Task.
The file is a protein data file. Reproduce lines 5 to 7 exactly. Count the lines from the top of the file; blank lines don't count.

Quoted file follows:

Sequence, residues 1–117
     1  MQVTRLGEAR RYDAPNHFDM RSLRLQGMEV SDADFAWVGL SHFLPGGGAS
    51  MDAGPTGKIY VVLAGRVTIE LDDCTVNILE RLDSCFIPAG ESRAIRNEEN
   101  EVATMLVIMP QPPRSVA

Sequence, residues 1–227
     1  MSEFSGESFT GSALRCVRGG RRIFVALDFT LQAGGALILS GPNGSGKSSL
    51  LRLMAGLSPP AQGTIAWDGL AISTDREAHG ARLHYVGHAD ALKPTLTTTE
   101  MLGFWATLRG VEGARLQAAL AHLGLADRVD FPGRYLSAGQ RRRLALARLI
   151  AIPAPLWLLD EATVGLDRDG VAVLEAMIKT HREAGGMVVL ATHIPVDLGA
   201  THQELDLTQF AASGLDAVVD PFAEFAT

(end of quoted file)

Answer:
Sequence, residues 1–227
     1  MSEFSGESFT GSALRCVRGG RRIFVALDFT LQAGGALILS GPNGSGKSSL
    51  LRLMAGLSPP AQGTIAWDGL AISTDREAHG ARLHYVGHAD ALKPTLTTTE